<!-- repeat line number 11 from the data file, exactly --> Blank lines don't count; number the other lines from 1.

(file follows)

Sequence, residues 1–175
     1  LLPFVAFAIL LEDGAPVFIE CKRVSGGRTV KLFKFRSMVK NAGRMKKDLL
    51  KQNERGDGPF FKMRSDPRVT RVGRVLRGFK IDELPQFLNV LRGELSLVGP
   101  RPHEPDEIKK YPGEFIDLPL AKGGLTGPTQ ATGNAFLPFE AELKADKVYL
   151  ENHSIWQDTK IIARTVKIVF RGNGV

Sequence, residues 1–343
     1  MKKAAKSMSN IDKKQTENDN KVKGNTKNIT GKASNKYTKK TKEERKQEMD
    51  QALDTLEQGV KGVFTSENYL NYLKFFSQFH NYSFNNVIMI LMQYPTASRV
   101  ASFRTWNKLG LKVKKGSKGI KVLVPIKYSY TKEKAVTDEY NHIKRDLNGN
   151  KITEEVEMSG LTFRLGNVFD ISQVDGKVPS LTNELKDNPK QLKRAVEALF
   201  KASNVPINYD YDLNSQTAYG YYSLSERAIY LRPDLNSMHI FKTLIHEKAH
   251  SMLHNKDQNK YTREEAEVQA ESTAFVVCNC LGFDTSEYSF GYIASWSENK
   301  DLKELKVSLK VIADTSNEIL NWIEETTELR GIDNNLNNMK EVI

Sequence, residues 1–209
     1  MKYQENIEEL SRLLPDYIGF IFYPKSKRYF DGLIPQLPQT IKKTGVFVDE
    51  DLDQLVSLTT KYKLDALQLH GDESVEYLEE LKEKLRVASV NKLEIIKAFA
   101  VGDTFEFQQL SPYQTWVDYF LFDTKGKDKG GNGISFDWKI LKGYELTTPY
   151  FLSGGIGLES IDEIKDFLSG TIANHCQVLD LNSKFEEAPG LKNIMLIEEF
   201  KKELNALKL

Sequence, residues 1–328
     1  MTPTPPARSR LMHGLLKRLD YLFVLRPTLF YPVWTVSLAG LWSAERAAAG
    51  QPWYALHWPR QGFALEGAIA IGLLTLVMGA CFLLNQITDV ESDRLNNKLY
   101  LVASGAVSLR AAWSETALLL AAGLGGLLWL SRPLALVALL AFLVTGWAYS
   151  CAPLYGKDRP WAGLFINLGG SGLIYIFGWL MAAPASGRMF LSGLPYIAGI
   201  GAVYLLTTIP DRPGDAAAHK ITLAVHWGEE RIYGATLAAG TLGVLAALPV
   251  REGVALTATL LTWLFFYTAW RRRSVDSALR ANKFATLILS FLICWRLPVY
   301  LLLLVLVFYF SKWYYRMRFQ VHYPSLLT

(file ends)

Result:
   201  KASNVPINYD YDLNSQTAYG YYSLSERAIY LRPDLNSMHI FKTLIHEKAH